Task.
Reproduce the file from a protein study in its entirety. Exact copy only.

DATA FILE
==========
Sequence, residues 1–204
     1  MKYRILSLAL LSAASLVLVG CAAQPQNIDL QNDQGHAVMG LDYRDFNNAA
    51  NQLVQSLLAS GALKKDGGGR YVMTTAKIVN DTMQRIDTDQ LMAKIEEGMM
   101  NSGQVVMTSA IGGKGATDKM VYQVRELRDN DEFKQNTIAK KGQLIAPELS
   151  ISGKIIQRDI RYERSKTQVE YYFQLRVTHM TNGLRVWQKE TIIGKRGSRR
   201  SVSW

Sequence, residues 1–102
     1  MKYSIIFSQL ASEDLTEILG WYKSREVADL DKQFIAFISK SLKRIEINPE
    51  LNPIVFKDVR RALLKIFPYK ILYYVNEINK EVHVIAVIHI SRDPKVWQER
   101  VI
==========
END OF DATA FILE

Sequence, residues 1–204
     1  MKYRILSLAL LSAASLVLVG CAAQPQNIDL QNDQGHAVMG LDYRDFNNAA
    51  NQLVQSLLAS GALKKDGGGR YVMTTAKIVN DTMQRIDTDQ LMAKIEEGMM
   101  NSGQVVMTSA IGGKGATDKM VYQVRELRDN DEFKQNTIAK KGQLIAPELS
   151  ISGKIIQRDI RYERSKTQVE YYFQLRVTHM TNGLRVWQKE TIIGKRGSRR
   201  SVSW

Sequence, residues 1–102
     1  MKYSIIFSQL ASEDLTEILG WYKSREVADL DKQFIAFISK SLKRIEINPE
    51  LNPIVFKDVR RALLKIFPYK ILYYVNEINK EVHVIAVIHI SRDPKVWQER
   101  VI